PHILIPPINES: CANDIDATES NEED TO DIVULGE THEIR POSITIONS ON HUMAN RIGHTS

    

AMNESTY INTERNATIONAL

PUBLIC STATEMENT

9 February 2010

The worst pre-election violencein Philippine history – the Maguindanao massacre – has focused globalattention on the human rights situation in the country. Now more than ever,candidates in the 10 May presidential elections need to clarify how theywill address key human rights issues facing the country.

Today as the presidential campaignperiod officially begins, Amnesty International calls on all of the presidentialcandidates to make clear, public commitments on the actions they will takein the first 100 days of office to address serious human rights violations.In a public letter to the candidates, Amnesty International called on themto affirm their commitment to:

1) Revoke Executive Order546, and ensure full accountability over all state-sponsored militias andparamilitary groups.

Despite the mass killing of63 civilians on 23 November in Maguindanao, members of state-armed localgroups and private armies are still free to operate in other parts of thecountry The Philippine government’s continued failure to establish accountabilityfor members of these armed groups undermines the rule of law and denieshuman rights protection for civilians.

Within 100 days, the new Philippinepresident should revoke Executive Order 546, which allows for militia andparamilitary groups to provide active support in counterinsurgency operations.In practice, these groups have been ill-trained, unaccountable, poorlyintegrated into the military chain of command, and responsible for serioushuman rights violations. In some provinces, Civilian Volunteer Organizations(CVOs) effectively as private armies for local politicians, heighteningthe risk of pre-election violence.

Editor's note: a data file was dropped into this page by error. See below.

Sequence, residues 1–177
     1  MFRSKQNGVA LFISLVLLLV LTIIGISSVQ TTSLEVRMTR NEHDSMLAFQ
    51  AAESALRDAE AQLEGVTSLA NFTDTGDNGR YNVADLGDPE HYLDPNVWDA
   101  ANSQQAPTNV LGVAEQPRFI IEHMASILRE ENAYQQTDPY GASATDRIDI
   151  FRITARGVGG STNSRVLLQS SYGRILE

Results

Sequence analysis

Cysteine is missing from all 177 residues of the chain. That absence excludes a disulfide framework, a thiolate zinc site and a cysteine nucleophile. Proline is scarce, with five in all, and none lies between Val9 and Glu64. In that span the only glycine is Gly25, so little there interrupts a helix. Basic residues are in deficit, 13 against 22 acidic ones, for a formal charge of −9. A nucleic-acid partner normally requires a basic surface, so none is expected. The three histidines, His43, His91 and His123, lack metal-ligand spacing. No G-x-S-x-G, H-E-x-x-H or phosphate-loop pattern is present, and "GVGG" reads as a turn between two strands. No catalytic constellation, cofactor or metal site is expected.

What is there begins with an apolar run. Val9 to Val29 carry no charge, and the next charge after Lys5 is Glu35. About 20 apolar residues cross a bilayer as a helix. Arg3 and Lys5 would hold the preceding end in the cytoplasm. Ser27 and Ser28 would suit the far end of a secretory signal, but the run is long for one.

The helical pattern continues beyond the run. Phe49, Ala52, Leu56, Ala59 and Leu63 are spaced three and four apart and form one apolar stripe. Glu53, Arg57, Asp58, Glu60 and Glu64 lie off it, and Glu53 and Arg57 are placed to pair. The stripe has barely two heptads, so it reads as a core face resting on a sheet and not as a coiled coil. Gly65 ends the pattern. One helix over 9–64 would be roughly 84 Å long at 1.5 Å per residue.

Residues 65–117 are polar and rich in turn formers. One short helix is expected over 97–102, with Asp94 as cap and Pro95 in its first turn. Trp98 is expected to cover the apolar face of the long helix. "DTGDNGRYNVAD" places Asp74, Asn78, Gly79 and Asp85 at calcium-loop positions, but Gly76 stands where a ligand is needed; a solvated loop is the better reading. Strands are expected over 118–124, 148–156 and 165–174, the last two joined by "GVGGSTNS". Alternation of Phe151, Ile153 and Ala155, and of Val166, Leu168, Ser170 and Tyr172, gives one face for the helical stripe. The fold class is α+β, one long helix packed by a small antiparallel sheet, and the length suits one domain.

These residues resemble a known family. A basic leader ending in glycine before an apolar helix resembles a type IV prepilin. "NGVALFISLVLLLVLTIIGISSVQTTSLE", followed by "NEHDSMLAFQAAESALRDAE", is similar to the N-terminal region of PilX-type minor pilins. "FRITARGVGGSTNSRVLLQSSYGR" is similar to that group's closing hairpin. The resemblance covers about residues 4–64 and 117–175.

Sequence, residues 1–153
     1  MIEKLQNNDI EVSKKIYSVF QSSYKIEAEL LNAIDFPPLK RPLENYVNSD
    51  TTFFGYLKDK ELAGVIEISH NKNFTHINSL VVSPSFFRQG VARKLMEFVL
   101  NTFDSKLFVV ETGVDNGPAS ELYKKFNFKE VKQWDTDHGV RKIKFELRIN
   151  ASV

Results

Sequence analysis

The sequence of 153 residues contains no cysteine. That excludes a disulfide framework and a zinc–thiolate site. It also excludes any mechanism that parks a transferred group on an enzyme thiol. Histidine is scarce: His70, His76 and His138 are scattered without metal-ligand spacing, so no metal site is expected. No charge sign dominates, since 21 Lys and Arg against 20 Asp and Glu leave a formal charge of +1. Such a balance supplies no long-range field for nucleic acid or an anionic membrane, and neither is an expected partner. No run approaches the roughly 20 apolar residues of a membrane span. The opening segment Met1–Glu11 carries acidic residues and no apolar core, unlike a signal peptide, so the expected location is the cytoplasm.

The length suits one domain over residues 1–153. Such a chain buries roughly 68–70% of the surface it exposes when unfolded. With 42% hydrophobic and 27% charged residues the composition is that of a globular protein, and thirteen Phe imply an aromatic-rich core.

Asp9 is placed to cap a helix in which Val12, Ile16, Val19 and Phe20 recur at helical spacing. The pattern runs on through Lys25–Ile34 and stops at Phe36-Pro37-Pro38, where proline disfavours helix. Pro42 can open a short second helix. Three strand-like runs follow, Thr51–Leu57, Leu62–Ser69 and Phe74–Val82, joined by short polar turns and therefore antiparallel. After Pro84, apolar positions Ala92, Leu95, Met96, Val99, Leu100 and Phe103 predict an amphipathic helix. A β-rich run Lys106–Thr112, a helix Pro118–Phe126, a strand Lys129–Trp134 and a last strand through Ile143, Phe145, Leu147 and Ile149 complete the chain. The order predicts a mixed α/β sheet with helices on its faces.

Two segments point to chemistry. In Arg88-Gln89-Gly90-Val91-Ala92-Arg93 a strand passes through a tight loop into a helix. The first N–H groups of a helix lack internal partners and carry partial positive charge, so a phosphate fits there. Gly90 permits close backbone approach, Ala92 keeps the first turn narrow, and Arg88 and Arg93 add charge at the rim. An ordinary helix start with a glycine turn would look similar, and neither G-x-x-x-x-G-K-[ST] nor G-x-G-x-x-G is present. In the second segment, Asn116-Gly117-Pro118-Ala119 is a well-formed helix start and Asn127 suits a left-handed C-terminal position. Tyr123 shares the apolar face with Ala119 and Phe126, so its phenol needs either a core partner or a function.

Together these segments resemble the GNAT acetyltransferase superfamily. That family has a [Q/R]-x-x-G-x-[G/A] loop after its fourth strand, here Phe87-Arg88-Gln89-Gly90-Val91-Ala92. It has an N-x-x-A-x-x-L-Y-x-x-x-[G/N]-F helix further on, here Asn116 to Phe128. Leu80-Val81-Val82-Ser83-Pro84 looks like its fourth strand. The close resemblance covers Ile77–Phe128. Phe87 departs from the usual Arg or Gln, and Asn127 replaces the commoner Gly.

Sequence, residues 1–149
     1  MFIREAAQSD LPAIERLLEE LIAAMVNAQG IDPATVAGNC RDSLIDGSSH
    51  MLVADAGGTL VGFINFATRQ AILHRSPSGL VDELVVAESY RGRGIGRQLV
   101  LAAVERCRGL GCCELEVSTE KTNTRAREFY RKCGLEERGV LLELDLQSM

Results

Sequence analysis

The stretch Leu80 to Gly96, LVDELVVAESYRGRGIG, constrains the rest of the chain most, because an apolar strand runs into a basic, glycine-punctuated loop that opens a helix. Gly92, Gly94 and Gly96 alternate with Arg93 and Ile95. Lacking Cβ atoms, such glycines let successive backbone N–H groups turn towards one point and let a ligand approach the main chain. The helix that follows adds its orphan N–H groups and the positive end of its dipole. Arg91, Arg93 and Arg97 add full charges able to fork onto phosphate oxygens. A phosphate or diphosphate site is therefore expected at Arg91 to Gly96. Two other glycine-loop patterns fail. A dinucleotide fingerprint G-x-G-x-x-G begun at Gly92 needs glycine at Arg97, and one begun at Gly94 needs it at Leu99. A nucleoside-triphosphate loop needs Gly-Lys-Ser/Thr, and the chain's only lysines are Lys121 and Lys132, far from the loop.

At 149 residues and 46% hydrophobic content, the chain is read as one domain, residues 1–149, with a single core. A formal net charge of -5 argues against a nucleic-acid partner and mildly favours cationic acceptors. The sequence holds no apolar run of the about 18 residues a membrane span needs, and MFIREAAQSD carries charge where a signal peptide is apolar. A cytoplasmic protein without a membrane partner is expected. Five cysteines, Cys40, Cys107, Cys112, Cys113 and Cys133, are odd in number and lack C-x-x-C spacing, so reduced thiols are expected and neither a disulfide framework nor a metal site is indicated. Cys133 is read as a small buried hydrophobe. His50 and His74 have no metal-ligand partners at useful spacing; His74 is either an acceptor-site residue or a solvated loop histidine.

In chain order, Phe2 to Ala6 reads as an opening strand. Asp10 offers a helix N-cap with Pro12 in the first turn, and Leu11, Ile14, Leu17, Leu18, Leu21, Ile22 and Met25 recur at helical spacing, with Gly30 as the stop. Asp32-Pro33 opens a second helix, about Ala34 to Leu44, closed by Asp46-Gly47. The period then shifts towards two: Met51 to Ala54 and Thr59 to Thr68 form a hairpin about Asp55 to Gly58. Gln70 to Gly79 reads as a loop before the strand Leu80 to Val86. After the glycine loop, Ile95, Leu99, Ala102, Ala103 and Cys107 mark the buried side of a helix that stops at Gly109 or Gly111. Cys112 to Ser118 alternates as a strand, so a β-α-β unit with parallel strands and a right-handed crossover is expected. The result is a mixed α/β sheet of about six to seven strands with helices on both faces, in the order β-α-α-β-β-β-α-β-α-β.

2) Establish a presidentialcommission aimed at preventing and prosecuting enforced disappearancesand extrajudicial executions.

In the last decade, at least200 Filipinos have been subjected to enforced disappearance, and as manyas 1,100 have been executed in political killings. The incoming presidentneeds to establish an impartial and independent commission to review thesecases, with the aim of enabling timely and effective investigations and,where warranted, prosecutions.

The new president should initiatelegislation that specifically criminalizes enforced disappearances andextrajudicial executions. He or she should sign the UN Convention for theProtection of All Persons from Enforced Disappearances.

3) Order the administrationto fully implement the UN Guiding Principles on Internal Displacement inorder to ensure the safety and well-being of the displaced.

Despite the ceasefire in Mindanao,more than 125,000 people remain displaced by the 2008 armed conflict alone.To address this grave humanitarian situation, the incoming president shouldpublicly instruct the administration to ensure that policies comply withthe UN Guiding Principles on Internal Displacement.

Under the Guiding Principles,the government must ensure that the displaced are provided with adequatefood, water, shelter, and clothing, as well as essential healthcare andsanitation. It must also guarantee unimpeded humanitarian access to areasunder its control. In addition, the government must implement a sustainableplan of action so that the displaced can return to their villages, safelyand voluntarily.

As commander-in-chief, thenew president will be directly responsible for ensuring that the armedforces comply with international humanitarian law. As a core principle,this law explicitly prohibits direct or indiscriminate attacks againstcivilians, and this includes displaced persons and all other non-combatants.